By Dani Palmer
The Herald Bulletin
ANDERSON, Ind. — While many college students are enjoying their time off and taking a break from classes this summer, many others are still working their tails off undergoing internships to prepare themselves for future employment.
Anderson University student Mackenzie Scholte is interning at the Sagamore Institute, a political think tank in Indianapolis, where she’s one of six research interns, each working on their own projects.
An unpaid internship, Scholte said they get to pick their own hours and that she decided to go with 40. She “wanted to get the most out of it.”
Is it a bit of a bummer not to have a summer vacation? Yeah. Scholte’s from Michigan and loves to be outside, near the water, but she wants to learn what she can to be a good employee, she said.
“I definitely understand why students don’t want to intern in the summer,” she said, “but I just want to get ahead and get the most experience I can.”
Having the ability to “devote all your time to one thing is really helpful,” she said.
Plus, there’ll be vacation time later, she added.
Scholte said it’s a great idea for students to take an internship because “there’s just so much more competition” in today’s market and a degree of some sort is necessary.
That experience is what employers are seeking.
Sagamore isn’t Scholte’s first internship. A political science and economics major, she worked on a month-long campaign during election time.
Each experience is an invaluable one that provides networking opportunities and the chance to learn if the job is something someone wants to do for the rest of his or her life, she said.
Her boss at Sagamore was an intern at the company first. The communications guy was one just the year before and “got his foot in the door.”
Purdue University College of Technology student Chad Clark is an intern at Echo Automotive where he works closely with the engineers on a hybrid system.
“I work with very, very intelligent individuals,” he said. “I learn at least one new thing every day.”
Clark, receiving pay for 35 hours a week but often putting in a few hours more to really learn all he can, said he doesn’t see any downfalls to interning in the summer.
“Anything you can learn at work to take with you for life is beneficial,” he said. And, he added, he feels like he gets that at Echo, where he’s treated as a member of the team.
While these companies are getting extra help, the interns are taking away valuable lessons they can use for future employment; to make them more marketable, Clark said.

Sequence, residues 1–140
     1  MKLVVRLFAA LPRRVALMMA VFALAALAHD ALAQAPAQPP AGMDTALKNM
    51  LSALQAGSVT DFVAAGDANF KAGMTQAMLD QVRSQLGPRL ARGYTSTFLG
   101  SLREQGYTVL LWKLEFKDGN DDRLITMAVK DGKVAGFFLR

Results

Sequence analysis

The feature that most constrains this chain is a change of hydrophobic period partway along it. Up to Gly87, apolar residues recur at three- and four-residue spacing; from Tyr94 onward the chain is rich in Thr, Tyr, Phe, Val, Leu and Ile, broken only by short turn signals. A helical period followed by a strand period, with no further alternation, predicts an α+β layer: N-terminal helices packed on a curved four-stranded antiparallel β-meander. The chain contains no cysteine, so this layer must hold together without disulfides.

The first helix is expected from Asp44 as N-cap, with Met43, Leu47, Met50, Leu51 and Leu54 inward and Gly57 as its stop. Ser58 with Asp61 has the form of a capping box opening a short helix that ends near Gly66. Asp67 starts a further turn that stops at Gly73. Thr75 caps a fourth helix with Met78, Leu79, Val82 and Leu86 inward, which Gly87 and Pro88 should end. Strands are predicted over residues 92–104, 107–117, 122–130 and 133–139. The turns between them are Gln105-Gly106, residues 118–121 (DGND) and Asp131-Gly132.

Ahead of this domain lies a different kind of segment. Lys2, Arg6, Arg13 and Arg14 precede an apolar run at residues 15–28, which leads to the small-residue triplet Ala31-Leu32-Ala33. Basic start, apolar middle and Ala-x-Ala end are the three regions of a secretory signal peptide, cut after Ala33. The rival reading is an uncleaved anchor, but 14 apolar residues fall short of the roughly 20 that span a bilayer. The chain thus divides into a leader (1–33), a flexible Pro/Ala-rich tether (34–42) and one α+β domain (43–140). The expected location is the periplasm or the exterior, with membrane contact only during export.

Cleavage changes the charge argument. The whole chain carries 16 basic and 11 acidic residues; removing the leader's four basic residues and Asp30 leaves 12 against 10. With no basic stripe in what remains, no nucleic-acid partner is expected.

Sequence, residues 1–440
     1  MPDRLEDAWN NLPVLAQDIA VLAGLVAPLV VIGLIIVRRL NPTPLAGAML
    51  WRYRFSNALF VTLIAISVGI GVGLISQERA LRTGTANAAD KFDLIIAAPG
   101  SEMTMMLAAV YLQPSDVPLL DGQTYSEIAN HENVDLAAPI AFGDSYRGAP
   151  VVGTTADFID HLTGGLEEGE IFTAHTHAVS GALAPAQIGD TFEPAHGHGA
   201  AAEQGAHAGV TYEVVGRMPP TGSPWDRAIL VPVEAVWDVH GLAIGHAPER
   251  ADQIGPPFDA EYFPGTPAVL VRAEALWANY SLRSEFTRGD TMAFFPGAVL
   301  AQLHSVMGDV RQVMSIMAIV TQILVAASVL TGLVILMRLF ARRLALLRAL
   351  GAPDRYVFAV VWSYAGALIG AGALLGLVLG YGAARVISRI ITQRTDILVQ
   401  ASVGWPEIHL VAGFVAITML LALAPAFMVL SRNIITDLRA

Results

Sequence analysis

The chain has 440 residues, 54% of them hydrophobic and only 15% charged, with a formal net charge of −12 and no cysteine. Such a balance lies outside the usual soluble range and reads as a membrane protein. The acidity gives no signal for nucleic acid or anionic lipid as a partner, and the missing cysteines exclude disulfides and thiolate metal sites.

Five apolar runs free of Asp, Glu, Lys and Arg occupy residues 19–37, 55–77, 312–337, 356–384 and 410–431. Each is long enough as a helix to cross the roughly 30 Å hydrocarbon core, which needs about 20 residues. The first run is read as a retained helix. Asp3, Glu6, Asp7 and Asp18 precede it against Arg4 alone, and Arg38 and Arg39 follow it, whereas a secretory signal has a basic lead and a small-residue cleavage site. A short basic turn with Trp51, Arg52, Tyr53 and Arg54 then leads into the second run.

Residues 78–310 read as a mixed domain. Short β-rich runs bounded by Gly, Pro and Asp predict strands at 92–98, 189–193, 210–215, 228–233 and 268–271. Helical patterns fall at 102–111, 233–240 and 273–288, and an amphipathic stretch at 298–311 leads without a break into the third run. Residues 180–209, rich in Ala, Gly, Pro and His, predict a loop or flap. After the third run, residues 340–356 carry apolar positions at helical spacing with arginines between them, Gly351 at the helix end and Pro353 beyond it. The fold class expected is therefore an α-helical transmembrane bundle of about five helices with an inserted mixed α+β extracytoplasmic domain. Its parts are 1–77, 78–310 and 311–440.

“I love coming to work,” he noted. “It’s not a job. It’s an experience, a learning experience, and I love it.”
Anderson University audio and visual communications major Nina Munroe is interning at TV’s Fox 59 in Indianapolis for 30-plus hours a week unpaid. She attends meetings and goes with the reporters to observe and learn as much as she can from them.
She also writes intros and outros and puts together packages. Munroe worked at a radio station in Anderson for a couple of years before wanting to gain TV experience.
She can work long hours, but said it’s a “fun atmosphere” and definitely worth the experience as she’s built rapport and connections -- “I wanted to get the most out of it.”
“Anyone can sit in a classroom and listen to someone teach, but this (an internship) shows you can get out and do it,” she said.
She, Scholte and Clark all said their professors encourage internships.
Scholte said having the education is important, but that students now need to be “willing to go the extra mile” to get that experience as professors can “only give you so much in class.”
Munroe added that she’s gotten a real feel for what the job’s like; the stress, the competition and the fun times that can come along with it. And because of her experience, she added TV broadcasting is the direction she wants to continue in.
Each of the interns said they’ve enjoyed their internships and that they hope to leave behind their own marks. Whether it be showing others they’re not afraid to take on difficult tasks or assisting the company in solving problems that will benefit the general public, each said giving up their summers has been worth it.
You can only “get what you put” into an experience, Munroe said.
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